The occasional commentaries in the Christian Science Monitor by Jeremy Dauber are an intelligent look at the cultural changes related to a shift in viewing from watching episodes on television to watching them on DVD. Dauber, who has long been viewing his favorite series as they air on television, writes about the growing confusion when people are chatting it up with him about new shows like Veronica Mars or what's happening in the latest episode from the third season of 24 or how good Arrested Development is. These are the people watching on DVD, and Dauber says that he now feels behind because he watches them when they air and can't remember some of the storylines people are referring to now that they are watching on DVD instead.
He says that he gets frustrated because he is "constantly trying to remember fuzzy details of jokes I heard one evening three seasons ago, not to mention the constant anxiety about spoiling a show's future developments for my friends. As a result, I'm in the conversations, but not of them; it's like I've got a bad case of jet lag - except that, ostensibly, they're the ones who are off cycle." Dauber points out that his cycle is still the one that guides the TV executives but that he is increasingly finding the shift going to DVD instead, meaning that the model will have to change.
This significant cultural shift shows how the model of consensus television and water cooler discussion is deteriorating even more. Not only do you have niche programming splitting the audience into increasingly smaller sizes, you also have the added complication that, of the shows that large numbers of people do watch, now they aren't necessarily watching them at the same time. This "spoiler anxiety" is very real and something I see happen on a very regular basis among my friends. You can never assume what season someone is on these days, even if they are a professed fan of a particular television show.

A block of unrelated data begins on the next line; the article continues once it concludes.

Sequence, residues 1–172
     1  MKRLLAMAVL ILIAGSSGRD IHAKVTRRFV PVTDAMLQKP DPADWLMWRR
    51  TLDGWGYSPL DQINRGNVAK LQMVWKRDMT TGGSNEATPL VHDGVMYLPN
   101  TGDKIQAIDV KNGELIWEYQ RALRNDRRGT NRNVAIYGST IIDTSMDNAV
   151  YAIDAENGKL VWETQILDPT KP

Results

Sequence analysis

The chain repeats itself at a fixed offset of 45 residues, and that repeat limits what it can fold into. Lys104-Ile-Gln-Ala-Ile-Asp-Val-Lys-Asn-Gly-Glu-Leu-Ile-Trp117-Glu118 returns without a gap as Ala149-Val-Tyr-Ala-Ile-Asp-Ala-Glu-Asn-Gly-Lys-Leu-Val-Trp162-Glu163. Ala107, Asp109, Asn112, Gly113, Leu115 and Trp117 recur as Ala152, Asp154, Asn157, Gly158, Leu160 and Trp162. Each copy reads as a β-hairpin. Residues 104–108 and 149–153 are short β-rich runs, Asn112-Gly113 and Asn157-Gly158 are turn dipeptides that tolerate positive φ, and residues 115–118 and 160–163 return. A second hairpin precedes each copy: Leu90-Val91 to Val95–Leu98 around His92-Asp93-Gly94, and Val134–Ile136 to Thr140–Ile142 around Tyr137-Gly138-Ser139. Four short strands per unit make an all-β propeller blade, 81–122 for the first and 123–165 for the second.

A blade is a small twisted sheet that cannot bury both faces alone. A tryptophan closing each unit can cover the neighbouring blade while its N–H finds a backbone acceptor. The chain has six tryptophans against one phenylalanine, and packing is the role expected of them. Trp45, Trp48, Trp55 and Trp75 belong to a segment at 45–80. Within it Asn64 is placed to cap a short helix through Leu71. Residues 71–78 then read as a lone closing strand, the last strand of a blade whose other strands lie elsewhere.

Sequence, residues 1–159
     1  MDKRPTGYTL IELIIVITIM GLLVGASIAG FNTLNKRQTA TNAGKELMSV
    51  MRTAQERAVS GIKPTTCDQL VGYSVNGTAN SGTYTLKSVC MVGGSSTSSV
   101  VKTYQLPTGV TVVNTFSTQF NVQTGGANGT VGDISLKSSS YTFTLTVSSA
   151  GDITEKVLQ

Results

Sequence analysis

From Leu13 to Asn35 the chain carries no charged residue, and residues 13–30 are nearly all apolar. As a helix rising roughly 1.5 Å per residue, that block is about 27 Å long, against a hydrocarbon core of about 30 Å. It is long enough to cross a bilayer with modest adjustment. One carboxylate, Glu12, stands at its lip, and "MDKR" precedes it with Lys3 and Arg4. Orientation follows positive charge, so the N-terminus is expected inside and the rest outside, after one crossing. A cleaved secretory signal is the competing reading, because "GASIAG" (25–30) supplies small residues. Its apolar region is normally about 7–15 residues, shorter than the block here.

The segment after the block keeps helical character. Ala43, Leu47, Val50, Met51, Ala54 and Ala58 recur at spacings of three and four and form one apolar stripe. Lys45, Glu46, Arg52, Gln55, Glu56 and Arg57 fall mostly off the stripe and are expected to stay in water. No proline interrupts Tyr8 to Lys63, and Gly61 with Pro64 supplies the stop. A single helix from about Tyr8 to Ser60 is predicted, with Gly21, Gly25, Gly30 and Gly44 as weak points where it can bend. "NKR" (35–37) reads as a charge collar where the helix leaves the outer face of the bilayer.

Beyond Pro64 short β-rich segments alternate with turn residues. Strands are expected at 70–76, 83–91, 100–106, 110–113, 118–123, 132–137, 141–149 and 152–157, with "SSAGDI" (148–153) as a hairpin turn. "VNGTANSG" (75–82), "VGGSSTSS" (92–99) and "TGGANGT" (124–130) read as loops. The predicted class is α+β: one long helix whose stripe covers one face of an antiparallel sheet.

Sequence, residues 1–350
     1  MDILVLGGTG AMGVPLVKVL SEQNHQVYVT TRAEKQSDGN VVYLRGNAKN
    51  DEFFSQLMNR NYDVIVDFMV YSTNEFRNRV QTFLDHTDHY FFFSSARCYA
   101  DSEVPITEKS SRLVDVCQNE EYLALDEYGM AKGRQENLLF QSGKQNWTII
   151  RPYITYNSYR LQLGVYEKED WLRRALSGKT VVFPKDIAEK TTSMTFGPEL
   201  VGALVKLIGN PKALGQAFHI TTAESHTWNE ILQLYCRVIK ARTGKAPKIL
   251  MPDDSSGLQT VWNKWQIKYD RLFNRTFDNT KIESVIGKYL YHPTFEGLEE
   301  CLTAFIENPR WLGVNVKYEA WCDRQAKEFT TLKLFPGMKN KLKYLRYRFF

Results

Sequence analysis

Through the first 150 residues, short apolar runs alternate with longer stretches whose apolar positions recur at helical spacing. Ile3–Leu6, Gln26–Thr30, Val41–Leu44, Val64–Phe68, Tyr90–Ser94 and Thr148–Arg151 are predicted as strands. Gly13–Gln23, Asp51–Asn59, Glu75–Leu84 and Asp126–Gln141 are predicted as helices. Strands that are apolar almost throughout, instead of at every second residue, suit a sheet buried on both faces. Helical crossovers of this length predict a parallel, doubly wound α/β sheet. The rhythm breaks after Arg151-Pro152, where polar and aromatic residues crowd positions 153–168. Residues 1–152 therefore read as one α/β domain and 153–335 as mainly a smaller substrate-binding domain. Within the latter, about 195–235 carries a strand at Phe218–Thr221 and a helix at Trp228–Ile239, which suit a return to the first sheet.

Dauber writes that these people are now reacting to "great shows that have been on the air for years, often on ratings life support or even cancelled because they couldn't attract an audience. It turns out, though, that they could attract an audience after all. It just took that audience a while to get there."
And here lies the complication that many people have found. Shows that do well in syndication may not always fare so well to begin with, and the classic examples of shows like Seinfeld that did not immediately catch on are instructive as to why the current policies do not work as far as creating and sustaining long-term television shows. It's very complicated, as there is no stand-alone model for DVD distribution right now, and everything is still negotiated by advertising and viewer ratings, yet the money made from an initial airing of a show is only the tip of the iceberg, and one has to believe that substantial long-term money is lost on shows that are cancelled all the time. The entertainment industry just isn't prepared, in its current business model, for such long-term investments, if it takes years for a show to start catching up and making a profit.
Dauber writes about his enjoyment of Smith, already cancelled. Since the fate of as how is determined after only a few episodes, he points out that he "kind of liked Smith, and I'm pretty sure that a good number of those aforementioned friends and family members (have I mentioned how wonderful they are?) would have loved the show when they watched it on DVD in 2008. But now we'll never know, since no show, no DVD."
I don't know if everyone would agree that Smith is a good example, but his point is hard to argue. And the difference between shows popular on DVD and shows popular on broadcast can sometimes be substantial. What does this mean for alterations of business models? That remains to be seen...